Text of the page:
By Aaron Simon @AaronMSimon
Guided by the principles of Design Thinking, our community engagement class project led us to listen to the experiences of the NJ Transit commuters waiting for their trains at Penn Station. The goal was to prototype tools that NJ.com can use to serve this community.
Professor Jeff Jarvis’s social journalism book, “Geeks Bearing Gifts,” challenges us new-age journalists to measure success by outcomes and to forgo chasing clicks.. To immerse ourselves in communities, not just to report on a catchy breaking story, but to build meaningful relationships and build tools for connectedness. This exercise was one example of how this can work.
It’s these approaches that put a journalist and the community they serve on the same level. As service-based journalists, Doreen Marchionni explains, it’s key for our communities to gain a sense of our “humanness.” We no longer report from above, but from on the ground, at eye-level. And we report not just to create content, but also to affect change and deliver outcomes.
I think of Brandon Stranton’s Humans of New York blog as an example. Stanton connected a community of millions of people worldwide who are interested in the everyday experiences of regular people. The interest in the compelling stories of the ‘humans’ often generates crowd-funding campaigns to alleviate the struggles of the interviewee. For example, a cash-strapped middle school in East New York, Brooklyn raised over one million dollars to start a yearly program that sends students from low-income families to visit Harvard’s campus. How can we serve NJ Transit commuters? First, we must find what their troubles are.
The current commuter experience is one riddled with last-minute track notifications and delays, extending already long travel times. To interact with commuters, we visited them where they wait, and we drank the morning-equivalent of margaritas, coffee. The mood may not have been festive at Penn Station during the morning rush, but we had valuable conversations with commuters.
After talking with the commuters, our class exchanged experiences and reflected separately this week on how to further develop relationships with our own communities. My community I originally sought to engage for the social journalism program was defined by the geography of Greenpoint, a neighborhood that’s home to the polluted Newtown Creek and a host of environmental health problems. As I continued to develop relationships and dig deeper, I found a more-focused community of entrepreneurs, scientists, and students working on technologies to report on air quality using sensors in San Diego and Brooklyn. I’ve found that refocusing one a smaller subset of a greater community makes engagement more feasible.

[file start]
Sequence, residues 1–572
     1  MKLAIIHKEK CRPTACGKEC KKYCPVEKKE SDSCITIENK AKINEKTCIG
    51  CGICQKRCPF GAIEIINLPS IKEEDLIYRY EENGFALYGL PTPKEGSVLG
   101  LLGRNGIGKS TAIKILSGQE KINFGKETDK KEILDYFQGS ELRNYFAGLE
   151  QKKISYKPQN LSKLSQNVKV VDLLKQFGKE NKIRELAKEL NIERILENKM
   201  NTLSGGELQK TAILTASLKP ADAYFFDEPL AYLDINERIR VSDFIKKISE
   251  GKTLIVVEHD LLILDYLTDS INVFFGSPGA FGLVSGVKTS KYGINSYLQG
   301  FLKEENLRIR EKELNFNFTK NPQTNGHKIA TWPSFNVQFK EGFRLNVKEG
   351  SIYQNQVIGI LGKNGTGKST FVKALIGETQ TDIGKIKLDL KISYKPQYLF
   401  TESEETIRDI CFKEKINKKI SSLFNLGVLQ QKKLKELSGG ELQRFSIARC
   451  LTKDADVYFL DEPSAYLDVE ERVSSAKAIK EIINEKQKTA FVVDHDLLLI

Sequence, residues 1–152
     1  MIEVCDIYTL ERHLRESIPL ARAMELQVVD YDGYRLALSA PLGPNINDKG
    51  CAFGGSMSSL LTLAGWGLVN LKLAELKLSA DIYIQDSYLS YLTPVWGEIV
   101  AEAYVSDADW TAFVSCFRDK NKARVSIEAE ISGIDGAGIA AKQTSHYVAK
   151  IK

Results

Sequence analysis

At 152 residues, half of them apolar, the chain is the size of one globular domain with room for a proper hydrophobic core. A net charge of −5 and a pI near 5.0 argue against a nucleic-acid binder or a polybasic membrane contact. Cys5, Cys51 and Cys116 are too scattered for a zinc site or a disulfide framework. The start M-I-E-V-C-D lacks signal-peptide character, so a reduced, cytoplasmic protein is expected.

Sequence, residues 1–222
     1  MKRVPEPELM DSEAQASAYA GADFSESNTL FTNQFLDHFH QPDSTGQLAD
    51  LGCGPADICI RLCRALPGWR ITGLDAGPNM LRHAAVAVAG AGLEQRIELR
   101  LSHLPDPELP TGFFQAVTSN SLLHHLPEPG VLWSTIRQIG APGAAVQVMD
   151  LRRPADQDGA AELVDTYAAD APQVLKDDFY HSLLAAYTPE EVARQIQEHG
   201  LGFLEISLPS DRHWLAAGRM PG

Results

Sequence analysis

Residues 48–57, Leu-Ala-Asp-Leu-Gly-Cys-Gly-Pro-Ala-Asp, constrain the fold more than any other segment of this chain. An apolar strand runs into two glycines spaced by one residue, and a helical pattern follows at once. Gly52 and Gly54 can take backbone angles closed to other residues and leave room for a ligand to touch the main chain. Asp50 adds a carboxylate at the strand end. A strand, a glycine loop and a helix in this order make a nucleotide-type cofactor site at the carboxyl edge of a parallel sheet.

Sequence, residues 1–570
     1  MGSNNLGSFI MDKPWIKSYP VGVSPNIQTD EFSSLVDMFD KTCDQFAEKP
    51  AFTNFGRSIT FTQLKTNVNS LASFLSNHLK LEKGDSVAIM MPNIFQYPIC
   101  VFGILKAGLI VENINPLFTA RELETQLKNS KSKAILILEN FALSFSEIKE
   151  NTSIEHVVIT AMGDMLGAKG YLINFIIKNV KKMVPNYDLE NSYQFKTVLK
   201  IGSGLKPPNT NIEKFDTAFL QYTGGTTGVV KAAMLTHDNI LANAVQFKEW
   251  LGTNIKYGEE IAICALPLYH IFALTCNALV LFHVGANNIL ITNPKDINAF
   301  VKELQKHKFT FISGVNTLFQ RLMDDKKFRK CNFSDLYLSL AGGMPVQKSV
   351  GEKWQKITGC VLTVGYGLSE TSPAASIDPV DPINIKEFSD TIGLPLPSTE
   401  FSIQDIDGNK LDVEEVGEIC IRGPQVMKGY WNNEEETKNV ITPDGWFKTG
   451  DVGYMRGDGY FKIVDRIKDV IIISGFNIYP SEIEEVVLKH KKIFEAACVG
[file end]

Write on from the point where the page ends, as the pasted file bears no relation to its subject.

Professor Jarvis said to find forums where people are communicating, and most importantly, “listen first.” Listening is often easier said than done; to approach a community with a preconceived notion can be detrimental.
An approach to to creating products and services the community needs is “to continually source feedback and then reevaluate,” Professor Carrie Brown said. Immersion, listening, and re-evaluation are central tenants of service journalism and design experience alike.
Lamar Graham is the vice president of audience development for NJ.com. He visited class this week to receive our insights on the commuter experience and give feedback on the tools we developed.
To develop effective tools, as Professor Jarvis said, is to “serve the community and the individual.”
We explained to Graham that after fielding many opinions, we learned that commuters want WiFi, power outlets, cleaner and more-spacious seats, and better train notifications, with alternative routes. Some of these structural accouterments are clearly out of reach for NJ.com to provide on trains, so our proposed solutions instead hinged upon social tools and mobile phones.
The prototyped tool each group came up with centered on the use of a hypothetical smartphone app. The idealized NJ.Com app would provide train notifications and news updates for trains, generated in significant part by users. The notion of a community reporting on itself fits within the social journalism approach, and frees us journalists to curate the content and make the exchange of community knowledge efficient. There was a consensus that the app should have a certain social aspect that connects riders, if not in-person, then on message boards and comment sections within the app.
According to Graham and Jarvis, who are both NJ Transit commuters, interaction with other riders is rare, much like on the NYC Subway. Many times it seems improper and uncomfortable for two strangers to start talking on public transit, and there has to be a prior commonality to ease social apprehension. Where better place to start than from a place of shared disdain for the daily commute? Commuters are in close proximity on the NJ Transit and remain disconnected from one another, at least for now.
Looking forward, I want to ask: how are we developing relationships with our respective communities? What are our challenges and successes so far? How can we use the insights from the NJ Transit research in building our own communities? Did you buy a margarita-maker yet, or practice making them?